Gilbert was an Editor-in-Chief of ACM Interactions magazine (2016-2020). He has been involved in ACM SIGCHI since 1992, as co-chair for posters and short talks for INTERCHI’93. He was a general chair for CHI 2003, has also chaired tracks at CHI 1998, 2000, 2009, 2010 and 2012, and was a subcommittee/associate papers chair for CHI 2000 and 2001, and from 2008-2011. Between 1997 and 2009 he served on a SIGCHI International Advisory Task Force, a publications working group, its Conference Management Committee, and its SIGCHI Social Impact and Service Awards Committee. He was a Member of the ACM Software Systems Award Subcommittee (1999-2003, Chair 2002). 

Prof. Raquel Prates

Collaboration Paths: Halfway there, there was a system


We are in Minas Gerais, talking about paths and, not surprisingly, the famous poem “In the middle of the way, there was a rock. There was a rock in the way.” However, we are talking about ways of interaction and collaboration. So it is up to the adaptation made by me, as an end-user reader, to our context: “In the middle of the way, there was a system.” Increasingly, computer systems have one of their main functions to mediate communication, collaboration, and interaction between people. However, there are often many “rocks” in the way of this interaction. Some have been there since collaborative systems emerged to mediate the interaction of people; others are new and are emerging as technology allows new types of collaboration and integration. In this talk, we will explore some of these stones and how the HCI area is in a privileged position to deal with them.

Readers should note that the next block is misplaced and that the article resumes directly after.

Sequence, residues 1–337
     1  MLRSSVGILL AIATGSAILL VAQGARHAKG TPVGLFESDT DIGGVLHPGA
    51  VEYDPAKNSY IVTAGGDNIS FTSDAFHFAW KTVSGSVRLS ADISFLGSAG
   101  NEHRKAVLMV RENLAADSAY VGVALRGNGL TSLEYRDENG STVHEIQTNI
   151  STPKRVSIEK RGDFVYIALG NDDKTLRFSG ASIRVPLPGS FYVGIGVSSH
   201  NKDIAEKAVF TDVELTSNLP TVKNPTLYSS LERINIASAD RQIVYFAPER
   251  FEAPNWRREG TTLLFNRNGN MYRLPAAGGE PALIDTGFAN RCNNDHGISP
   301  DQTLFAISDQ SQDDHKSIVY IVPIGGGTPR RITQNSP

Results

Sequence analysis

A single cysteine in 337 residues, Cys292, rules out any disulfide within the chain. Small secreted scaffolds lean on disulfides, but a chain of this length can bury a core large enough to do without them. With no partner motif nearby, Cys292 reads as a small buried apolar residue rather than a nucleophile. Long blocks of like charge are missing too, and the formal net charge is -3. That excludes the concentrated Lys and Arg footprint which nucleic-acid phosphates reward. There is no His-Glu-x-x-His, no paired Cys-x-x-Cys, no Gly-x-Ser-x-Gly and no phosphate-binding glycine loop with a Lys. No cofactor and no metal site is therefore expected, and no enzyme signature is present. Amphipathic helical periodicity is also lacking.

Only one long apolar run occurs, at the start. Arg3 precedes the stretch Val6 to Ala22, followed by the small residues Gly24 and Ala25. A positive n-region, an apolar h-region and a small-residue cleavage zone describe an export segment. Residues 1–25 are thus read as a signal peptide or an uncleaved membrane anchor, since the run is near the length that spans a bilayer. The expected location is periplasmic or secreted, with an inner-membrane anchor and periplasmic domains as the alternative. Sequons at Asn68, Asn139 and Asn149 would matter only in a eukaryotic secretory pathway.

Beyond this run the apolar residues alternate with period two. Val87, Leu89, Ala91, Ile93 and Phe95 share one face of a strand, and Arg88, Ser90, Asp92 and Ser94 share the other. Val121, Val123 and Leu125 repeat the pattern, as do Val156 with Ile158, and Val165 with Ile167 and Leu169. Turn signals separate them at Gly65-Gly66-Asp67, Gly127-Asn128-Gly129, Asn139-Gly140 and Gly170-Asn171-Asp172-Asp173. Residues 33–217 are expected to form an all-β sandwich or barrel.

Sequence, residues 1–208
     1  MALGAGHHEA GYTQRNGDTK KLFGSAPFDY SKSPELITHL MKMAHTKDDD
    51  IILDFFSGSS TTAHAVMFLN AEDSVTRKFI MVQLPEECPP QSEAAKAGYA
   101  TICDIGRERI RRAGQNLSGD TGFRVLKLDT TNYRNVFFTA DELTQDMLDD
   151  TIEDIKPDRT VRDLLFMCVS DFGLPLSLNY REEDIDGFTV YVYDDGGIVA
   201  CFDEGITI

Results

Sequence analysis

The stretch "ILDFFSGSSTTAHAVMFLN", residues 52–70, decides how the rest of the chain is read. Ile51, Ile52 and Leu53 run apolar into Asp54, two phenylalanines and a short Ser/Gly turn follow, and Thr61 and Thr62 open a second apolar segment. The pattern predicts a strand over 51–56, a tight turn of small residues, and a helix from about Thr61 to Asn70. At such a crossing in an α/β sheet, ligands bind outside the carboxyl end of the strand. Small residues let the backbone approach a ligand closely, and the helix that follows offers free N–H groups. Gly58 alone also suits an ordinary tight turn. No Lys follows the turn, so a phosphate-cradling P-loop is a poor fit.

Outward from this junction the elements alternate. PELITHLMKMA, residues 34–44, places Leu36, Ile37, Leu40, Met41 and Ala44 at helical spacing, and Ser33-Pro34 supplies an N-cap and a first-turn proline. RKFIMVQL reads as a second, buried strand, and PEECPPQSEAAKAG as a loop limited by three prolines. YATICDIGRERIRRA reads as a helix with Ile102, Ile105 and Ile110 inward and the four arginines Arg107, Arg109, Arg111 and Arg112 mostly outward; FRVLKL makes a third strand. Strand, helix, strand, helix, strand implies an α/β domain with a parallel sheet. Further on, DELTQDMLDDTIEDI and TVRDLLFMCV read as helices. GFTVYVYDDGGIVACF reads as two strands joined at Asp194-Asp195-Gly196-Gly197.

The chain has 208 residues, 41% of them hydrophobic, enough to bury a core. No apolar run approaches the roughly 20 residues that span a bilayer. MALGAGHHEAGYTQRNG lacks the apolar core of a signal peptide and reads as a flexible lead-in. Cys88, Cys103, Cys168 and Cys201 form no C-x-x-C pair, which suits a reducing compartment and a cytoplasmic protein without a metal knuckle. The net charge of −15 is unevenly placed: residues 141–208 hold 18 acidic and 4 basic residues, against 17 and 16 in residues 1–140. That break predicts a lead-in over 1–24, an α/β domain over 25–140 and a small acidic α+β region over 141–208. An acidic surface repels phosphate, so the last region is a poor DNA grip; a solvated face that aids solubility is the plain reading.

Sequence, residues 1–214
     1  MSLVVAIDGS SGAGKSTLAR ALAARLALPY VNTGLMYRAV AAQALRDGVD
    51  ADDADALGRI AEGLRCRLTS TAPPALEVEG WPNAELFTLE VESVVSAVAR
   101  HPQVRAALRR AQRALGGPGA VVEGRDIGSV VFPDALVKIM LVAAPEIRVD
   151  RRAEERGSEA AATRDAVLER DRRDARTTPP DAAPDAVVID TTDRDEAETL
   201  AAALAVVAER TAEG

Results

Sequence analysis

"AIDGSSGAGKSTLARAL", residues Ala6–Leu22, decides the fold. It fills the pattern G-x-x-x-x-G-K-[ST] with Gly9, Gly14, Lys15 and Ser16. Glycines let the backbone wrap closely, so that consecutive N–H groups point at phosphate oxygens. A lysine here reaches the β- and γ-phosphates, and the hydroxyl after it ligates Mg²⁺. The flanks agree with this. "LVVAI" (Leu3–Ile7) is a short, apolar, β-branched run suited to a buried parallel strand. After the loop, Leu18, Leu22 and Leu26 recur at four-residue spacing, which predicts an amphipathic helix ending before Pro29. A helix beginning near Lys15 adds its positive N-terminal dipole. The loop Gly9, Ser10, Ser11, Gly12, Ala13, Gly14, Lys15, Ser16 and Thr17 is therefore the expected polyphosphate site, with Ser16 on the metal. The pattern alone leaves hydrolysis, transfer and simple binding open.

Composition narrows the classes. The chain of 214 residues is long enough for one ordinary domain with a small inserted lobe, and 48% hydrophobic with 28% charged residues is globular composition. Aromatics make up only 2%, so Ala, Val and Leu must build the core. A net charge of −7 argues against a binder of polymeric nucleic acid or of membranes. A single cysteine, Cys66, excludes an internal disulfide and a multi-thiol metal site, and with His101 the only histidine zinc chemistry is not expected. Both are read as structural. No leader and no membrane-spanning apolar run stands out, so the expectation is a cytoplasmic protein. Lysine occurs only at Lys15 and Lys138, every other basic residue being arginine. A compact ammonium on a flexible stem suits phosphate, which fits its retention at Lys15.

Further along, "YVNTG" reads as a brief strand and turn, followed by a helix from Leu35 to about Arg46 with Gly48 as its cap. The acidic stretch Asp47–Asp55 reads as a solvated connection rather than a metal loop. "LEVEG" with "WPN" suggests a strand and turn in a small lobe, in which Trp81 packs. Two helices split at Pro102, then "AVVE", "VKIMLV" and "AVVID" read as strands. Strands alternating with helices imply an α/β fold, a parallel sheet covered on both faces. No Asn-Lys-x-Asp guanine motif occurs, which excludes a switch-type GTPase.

Raquel Prates is a titular professor and current deputy chief of the Department of Computer Science at the Federal University of Minas Gerais (UFMG), where she has been a professor since 2006. She has a degree in Computer Science from UFMG (1991), a Master’s degree, and a Ph.D. in Informatics from the Pontifical Catholic University from Rio de Janeiro (1994 and 1998). She did a post-doctorate at Pennsylvania State University, at the College of Information Systems and Technology from August 2014 to July 2015. Her research is in Human-Computer Interaction and Collaborative Systems, working mainly on the following topics: semiotic engineering, human-computer interaction, interface evaluation, communicability, interface design and end-user programming.

Raquel has always worked in the national and international communities of HCI and Collaborative Systems, having been a member and coordinator of the Special Commission on Human-Computer Interaction (CEIHC) of SBC, member and coordinator of the Special Commission on Collaborative Systems (CESC) of SBC, member of the Executive of ACM/SIGCHI as Vice-President for Local Chapters, and participated in the CHI 2030 Task Force. She was also SBC representative in the IFIP TC13- Human-Computer Interaction Group. She has served since 2020 as one of the editors of Springer’s Communications in Computer and Information Science. She participates as a member of several national and international program committees of conferences in the areas of HCI and Collaborative Systems, has already served as program coordinator for the IHC, SBSC, ACM Group 2022/23 (Third Wave), and for trails at CHI and CSCW.